This is another bad thing! JPatterson just took a basic writing exercise (“what are your characters doing in X situation?”) and put it in his book. The intent is to put Max into the “thinking about how much I like the flock” mood as fast as humanly possible so that his cliffhanger will be slightly more dramatic, but it’s too rushed to really manage that. It would have been more dramatic if he had actually taken time to let Max ponder, maybe reflect on all that they’ve been through, but he can’t really do that because with zero character development there’s nothing to ponder and reflect about. Anyway, the cliffhanger:
“Nothing can last forever, Max.” It was Angel, eerily interrupting my thoughts. She was scratching at the dirt with a small animal bone. “And actually–I hate to tell you this, but Fang will be the first to die. And it will be soon.” (pg 28)
…Well, I’m glad I know that’s supposed to be eery.
The flock are shocked, etc. etc.
“I’m just saying, Max,” said Angel, still playing with her bone. “You always want everything to stay the same. But it can’t. We’re all getting older. You have a mom. You and Fang are all googly eyed at each other. Nothing stays the same. (pg 29)
That’s actually pretty hilarious, because Angel just summed up all the real change in the flock with three, simple items. Well, two: the flock have maybe aged, technically, but only slightly and it’s had no effect on anything. So, uh, Max has a mom and she and Fang are an item? And that’s all that’s happened in the last five books that’s had any lasting effect. Wonderful.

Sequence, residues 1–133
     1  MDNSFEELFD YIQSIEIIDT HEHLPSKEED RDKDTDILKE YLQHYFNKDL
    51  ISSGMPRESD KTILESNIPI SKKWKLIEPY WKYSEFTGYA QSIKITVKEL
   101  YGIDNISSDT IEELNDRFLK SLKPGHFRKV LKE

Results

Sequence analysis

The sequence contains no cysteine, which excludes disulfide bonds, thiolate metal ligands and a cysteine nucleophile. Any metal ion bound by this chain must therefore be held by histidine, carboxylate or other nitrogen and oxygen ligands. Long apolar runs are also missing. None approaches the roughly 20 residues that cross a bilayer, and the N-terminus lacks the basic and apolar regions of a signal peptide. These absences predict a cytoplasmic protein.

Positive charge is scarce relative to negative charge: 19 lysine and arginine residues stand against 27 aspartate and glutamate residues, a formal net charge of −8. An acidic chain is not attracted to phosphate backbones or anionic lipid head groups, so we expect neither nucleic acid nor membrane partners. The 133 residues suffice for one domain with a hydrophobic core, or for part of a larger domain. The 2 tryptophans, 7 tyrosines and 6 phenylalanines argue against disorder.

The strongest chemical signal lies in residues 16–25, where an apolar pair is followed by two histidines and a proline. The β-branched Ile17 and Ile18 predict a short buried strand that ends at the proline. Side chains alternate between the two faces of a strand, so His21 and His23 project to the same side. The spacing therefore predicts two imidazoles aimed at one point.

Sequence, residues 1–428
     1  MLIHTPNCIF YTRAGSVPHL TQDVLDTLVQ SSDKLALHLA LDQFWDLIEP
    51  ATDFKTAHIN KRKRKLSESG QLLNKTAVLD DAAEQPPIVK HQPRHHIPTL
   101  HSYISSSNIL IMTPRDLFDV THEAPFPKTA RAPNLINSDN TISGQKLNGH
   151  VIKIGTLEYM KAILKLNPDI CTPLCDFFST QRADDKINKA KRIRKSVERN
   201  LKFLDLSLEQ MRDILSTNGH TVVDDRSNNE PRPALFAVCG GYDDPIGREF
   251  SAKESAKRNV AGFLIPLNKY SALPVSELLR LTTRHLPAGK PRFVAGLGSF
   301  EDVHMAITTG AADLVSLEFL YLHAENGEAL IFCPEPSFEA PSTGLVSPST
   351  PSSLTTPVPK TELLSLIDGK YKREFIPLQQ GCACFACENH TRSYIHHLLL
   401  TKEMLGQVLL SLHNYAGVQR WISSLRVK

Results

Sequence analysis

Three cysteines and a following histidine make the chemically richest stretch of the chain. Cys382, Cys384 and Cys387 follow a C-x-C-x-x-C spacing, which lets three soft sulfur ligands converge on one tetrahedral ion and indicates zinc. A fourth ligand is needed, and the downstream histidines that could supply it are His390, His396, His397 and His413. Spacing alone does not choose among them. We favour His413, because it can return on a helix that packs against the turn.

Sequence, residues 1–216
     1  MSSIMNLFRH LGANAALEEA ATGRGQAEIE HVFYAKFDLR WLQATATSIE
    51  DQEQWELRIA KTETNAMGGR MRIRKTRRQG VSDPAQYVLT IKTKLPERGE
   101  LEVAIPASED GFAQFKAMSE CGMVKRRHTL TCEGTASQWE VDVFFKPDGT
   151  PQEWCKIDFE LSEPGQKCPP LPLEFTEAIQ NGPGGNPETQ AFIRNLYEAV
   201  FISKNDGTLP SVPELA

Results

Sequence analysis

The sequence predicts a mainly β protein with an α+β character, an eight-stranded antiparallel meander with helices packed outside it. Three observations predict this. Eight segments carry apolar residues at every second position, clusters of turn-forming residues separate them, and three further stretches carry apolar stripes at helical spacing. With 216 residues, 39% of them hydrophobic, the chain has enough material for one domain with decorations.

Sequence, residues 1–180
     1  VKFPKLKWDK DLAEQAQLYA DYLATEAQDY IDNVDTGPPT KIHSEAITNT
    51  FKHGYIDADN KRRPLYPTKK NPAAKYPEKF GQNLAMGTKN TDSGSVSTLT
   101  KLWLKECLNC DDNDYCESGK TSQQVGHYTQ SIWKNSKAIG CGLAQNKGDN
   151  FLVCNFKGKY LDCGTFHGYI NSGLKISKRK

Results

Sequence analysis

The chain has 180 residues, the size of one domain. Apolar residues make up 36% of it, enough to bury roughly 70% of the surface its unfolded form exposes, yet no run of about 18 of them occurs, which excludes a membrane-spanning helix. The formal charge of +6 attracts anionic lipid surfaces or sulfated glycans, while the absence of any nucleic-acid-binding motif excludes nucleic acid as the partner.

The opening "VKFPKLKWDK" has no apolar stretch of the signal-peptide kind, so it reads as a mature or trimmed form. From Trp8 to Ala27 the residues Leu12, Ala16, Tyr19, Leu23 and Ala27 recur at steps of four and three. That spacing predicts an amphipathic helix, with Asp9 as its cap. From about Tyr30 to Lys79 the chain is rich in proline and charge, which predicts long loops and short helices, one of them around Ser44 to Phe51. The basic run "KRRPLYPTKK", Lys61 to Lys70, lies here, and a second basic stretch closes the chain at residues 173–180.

Max asks Angel how she knows Fang is going to die. Angel doesn’t say, and Max grabs Angel and says she’ll cut off her hair if she doesn’t answer the question. The rest of the flock try to get Max to stop.
“Is everything okay?” Patrick’s concerned voice started to filter into my brain as I realized what I was doing. (pg 30)
Patrick. Patrick, that response is significantly less than is warranted.
Max lets go of Angel, then remarks that “this would have to wait” because two “people” are approaching the fire. Which is, uh… well, pretty ridiculous writing. Max should be given the time to really absorb this statement, but I guess JPatterson didn’t want to bother with that yet.
The two people are a man, “Dr. Hans Gunther-Hagen,” and a “tall kid.” Hans is funding the CSM’s vaccines (presumably for this excursion specifically) and wants to meet with the leader of the flock for breakfast. Both Angel and Max answers, and Hans says they can both come. Then he introduces the kid as Dylan, who steps into the light.
I blinked, wondering what teen hearthrob magazine Dr. Haagen-Daz had swiped Dylan from. … Expressive turquoise eyes looked at us with guarded curiosity. … He was ready for a photo shoot–like, for the top twenty-five hottest guys under the age of twenty.
Of course, Fang would also qualify. (pg 34)
Seriously, though, this kid gets more description than any members of the flock have ever had. (Note that the ellipses mark areas I cut out.) And throughout this whole chapter (three pages or so), the previous chapter’s events have zero effect. There’s no tension from how Max assaulted Angel, no absent-mindedness from Max about how she’s worried about how Angel just said Fang was going to die. There’s literally no indication that JPatterson didn’t write this scene to be placed somewhere else in the story and then copy and pasted it in here.
Oh, and there’s more!
Dylan sort of shrugged his shoulders and extended his wings. All fifteen feet of them. (pg 35)